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Biomaterials and Bioactive Molecules to Drive Differentiation in Striated Muscle Tissue Engineering

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Book Series: Frontiers Research Topics ISSN: 16648714 ISBN: 9782889198412 Year: Pages: 90 DOI: 10.3389/978-2-88919-841-2 Language: English
Publisher: Frontiers Media SA
Subject: Physiology --- Science (General)
Added to DOAB on : 2016-01-19 14:05:46
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Tissue engineering is an innovative, multidisciplinary approach which combines (bio)materials, cells and growth factors with the aim to obtain neo-organogenesis to repair or replenish damaged tissues and organs. The generation of engineered tissues and organs (e. g. skin and bladder) has entered into the clinical practice in response to the chronic lack of organ donors. In particular, for the skeletal and cardiac muscles the translational potential of tissue engineering approaches has clearly been shown, even though the construction of this tissue lags behind others given the hierarchical, highly organized architecture of striated muscles. Cardiovascular disease is the leading cause of death in the developed world, where the yearly incidence of Acute MI (AMI) is approx 2 million cases in Europe. Recovery from AMI and reperfusion is still less than ideal. Stem cell therapy may represent a valid treatment. However, delivery of stem cells alone to infarcted myocardium provides no structural support while the myocardium heals, and the injected stem cells do not properly integrate into the myocardium because they are not subjected to the mechanical forces that are known to drive myocardial cellular physiology. On the other hand, there are many clinical cases where the loss of skeletal muscle due to a traumatic injury, an aggressive tumour or prolonged denervation may be cured by the regeneration of this tissue. In vivo, stem or progenitor cells are sheltered in a specialized microenvironment (niche), which regulates their survival, proliferation and differentiation. The goal of this research topic is to highlight the available knowledge on biomaterials and bioactive molecules or a combination of them, which can be used successfully to differentiate stem or progenitor cells into beating cardiomyocytes or organized skeletal muscle in vivo. Innovations compared to the on-going trials may be: 1) the successful delivery of stem cells using sutural scaffolds instead of intracoronary or intramuscular injections; 2) protocols to use a limited number of autologous or allogeneic stem cells; 3) methods to drive their differentiation by modifying the chemical-physical properties of scaffolds or biomaterials, incorporating small molecules (i.e. miRNA) or growth factors; 4) methods to tailor the scaffolds to the elastic properties of the muscle; 5) studies which suggest how to realize scaffolds that optimize tissue functional integration, through the combination of the most up-to-date manufacturing technologies and use of bio-polymers with customized degradation properties.

Dental and Periodontal Tissues Formation and Regeneration: Current Approaches and Future Challenges

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Book Series: Frontiers Research Topics ISSN: 16648714 ISBN: 9782889199846 Year: Pages: 246 DOI: 10.3389/978-2-88919-984-6 Language: English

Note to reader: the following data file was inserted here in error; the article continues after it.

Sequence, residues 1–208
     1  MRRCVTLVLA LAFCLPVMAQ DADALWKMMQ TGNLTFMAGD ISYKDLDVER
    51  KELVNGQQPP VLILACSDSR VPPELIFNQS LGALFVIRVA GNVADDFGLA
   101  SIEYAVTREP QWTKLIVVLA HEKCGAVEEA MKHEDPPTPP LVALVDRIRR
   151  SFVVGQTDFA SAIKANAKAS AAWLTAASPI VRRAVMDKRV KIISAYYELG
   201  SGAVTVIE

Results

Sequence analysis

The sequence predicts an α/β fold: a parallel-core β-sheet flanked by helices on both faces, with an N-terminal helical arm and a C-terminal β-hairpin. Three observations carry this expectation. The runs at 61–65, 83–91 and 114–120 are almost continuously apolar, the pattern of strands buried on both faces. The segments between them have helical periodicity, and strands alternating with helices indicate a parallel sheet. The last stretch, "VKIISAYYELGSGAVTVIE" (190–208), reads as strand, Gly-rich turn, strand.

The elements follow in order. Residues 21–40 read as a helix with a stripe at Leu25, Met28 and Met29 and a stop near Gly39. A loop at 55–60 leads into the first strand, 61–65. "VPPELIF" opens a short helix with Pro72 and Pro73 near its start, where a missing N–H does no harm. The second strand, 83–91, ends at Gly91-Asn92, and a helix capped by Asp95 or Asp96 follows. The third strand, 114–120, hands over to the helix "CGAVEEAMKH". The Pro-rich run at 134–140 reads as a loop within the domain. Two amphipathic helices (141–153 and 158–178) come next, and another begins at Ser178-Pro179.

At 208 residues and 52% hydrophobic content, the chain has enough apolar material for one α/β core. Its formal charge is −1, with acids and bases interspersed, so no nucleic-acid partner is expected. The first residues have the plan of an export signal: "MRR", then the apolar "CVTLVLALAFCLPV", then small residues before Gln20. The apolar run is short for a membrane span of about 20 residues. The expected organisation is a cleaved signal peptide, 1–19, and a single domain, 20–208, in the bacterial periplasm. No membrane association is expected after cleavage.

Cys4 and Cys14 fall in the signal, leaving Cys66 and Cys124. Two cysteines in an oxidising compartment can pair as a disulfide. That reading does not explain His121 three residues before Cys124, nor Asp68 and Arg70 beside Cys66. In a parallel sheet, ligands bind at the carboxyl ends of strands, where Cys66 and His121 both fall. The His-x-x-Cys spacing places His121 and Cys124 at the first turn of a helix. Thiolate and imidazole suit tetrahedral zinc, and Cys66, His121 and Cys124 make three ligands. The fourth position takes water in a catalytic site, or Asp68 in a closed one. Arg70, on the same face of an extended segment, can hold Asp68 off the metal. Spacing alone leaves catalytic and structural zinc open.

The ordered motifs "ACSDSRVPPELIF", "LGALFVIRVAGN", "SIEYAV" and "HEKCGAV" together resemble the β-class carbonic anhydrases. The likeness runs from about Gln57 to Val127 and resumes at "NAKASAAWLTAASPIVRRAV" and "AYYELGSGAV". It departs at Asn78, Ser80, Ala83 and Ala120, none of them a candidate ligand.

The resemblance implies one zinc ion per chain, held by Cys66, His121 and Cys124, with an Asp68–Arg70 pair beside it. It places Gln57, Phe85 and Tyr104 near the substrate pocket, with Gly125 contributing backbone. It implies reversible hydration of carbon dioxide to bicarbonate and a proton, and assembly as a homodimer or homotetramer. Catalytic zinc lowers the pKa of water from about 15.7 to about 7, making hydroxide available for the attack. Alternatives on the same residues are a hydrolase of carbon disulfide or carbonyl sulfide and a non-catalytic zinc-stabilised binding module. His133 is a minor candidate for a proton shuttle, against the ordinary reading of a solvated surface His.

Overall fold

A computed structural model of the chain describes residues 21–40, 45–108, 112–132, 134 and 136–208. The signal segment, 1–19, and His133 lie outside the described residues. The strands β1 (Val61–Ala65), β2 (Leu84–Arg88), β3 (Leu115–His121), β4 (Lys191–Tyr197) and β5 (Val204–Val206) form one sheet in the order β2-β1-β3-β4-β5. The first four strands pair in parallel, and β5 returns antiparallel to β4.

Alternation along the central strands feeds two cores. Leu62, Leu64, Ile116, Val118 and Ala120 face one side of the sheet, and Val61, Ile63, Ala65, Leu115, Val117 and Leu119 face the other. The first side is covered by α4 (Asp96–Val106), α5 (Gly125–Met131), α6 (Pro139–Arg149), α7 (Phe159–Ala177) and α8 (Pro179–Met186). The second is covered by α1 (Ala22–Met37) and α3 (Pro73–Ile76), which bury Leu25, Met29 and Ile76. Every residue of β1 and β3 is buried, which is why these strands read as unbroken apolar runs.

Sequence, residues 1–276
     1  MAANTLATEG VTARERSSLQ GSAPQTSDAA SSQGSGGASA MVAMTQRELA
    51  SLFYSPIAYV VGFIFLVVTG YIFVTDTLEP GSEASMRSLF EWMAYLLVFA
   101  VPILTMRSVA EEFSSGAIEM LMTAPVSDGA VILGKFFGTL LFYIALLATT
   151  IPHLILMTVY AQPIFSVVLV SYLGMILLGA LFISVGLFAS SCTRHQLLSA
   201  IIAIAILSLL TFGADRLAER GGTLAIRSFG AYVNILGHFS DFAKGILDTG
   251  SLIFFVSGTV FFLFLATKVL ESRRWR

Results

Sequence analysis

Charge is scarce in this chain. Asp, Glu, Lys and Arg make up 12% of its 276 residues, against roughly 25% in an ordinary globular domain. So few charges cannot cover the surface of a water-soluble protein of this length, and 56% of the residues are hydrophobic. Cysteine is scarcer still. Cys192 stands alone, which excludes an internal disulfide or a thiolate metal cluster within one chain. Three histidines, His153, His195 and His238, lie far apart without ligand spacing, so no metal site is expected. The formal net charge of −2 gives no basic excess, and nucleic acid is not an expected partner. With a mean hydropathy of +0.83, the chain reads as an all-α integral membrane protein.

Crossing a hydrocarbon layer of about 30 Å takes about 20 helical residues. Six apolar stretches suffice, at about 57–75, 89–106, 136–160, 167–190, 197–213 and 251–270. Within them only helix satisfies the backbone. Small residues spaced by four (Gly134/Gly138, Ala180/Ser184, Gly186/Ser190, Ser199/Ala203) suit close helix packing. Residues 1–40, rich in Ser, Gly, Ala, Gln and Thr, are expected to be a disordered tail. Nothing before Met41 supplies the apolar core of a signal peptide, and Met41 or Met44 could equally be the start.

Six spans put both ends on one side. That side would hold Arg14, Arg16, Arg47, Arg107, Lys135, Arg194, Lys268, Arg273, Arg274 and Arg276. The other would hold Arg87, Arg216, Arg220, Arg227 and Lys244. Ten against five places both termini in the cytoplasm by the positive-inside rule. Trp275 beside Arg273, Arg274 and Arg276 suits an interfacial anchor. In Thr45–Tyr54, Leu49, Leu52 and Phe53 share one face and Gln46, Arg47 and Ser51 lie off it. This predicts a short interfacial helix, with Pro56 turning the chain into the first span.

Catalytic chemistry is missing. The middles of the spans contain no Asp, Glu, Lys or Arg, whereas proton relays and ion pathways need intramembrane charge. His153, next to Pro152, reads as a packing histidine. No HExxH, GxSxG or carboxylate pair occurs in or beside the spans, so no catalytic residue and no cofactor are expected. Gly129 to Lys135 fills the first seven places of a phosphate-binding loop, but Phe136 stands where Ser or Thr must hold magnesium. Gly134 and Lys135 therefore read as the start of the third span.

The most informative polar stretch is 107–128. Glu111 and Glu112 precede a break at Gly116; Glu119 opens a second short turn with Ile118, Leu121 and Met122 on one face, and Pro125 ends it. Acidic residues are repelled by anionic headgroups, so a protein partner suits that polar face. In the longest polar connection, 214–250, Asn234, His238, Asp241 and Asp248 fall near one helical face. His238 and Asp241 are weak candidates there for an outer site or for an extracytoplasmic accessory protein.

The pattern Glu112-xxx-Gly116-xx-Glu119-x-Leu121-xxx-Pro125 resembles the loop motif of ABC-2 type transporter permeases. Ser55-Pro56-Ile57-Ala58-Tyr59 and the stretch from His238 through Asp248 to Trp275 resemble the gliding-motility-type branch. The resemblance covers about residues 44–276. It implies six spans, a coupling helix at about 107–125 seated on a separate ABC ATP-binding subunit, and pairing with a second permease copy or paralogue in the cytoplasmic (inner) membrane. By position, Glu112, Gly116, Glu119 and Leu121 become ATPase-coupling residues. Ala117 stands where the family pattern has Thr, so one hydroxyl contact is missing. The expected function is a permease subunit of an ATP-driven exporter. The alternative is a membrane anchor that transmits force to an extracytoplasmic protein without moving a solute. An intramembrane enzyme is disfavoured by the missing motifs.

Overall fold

Publisher: Frontiers Media SA
Subject: Science (General) --- Physiology
Added to DOAB on : 2016-01-19 14:05:46
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Sequential and reciprocal interactions between oral epithelial and cranial neural crest-derived mesenchymal cells give rise to the teeth and periodontium. Teeth are vital organs containing a rich number of blood vessels and nerve fibers within the dental pulp and periodontium. Teeth are composed by unique and specific collagenous (dentin, fibrillar cementum) and non-collagenous (enamel) highly mineralized extracellular matrices. Alveolar bone is another collagenous hard tissue that supports tooth stability and function through its close interaction with the periodontal ligament. Dental hard tissues are often damaged after infection or traumatic injuries that lead to the partial or complete destruction of the functional dental and supportive tissues. Well-established protocols are routinely used in dental clinics for the restoration or replacement of the damaged tooth and alveolar bone areas. Recent progress in the fields of cell biology, tissue engineering, and nanotechnology offers promising opportunities to repair damaged or missing dental tissues. Indeed, pulp and periodontal tissue regeneration is progressing rapidly with the application of stem cells, biodegradable scaffolds, and growth factors. Furthermore, methods that enable partial dental hard tissue repair and regeneration are being evaluated with variable degrees of success. However, these cell-based therapies are still incipient and many issues need to be addressed before any clinical application. The understanding of tooth and periodontal tissues formation would be beneficial for improving regenerative attempts in dental clinics. In the present e-book we have covered the various aspects dealing with dental and periodontal tissues physiology and regeneration in 6 chapters:1. General principles on the use of stem cells for regenerating craniofacial and dental tissues2. The roles of nerves, vessels and stem cell niches in tissue regeneration3. Dental pulp regeneration and mechanisms of various odontoblast functions4. Dental root and periodontal physiology, pathology and regeneration5. Physiology and regeneration of the bone using various scaffolds and stem cell populations6. Physiology, pathology and regeneration of enamel using dental epithelial stem cells

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2016 (2)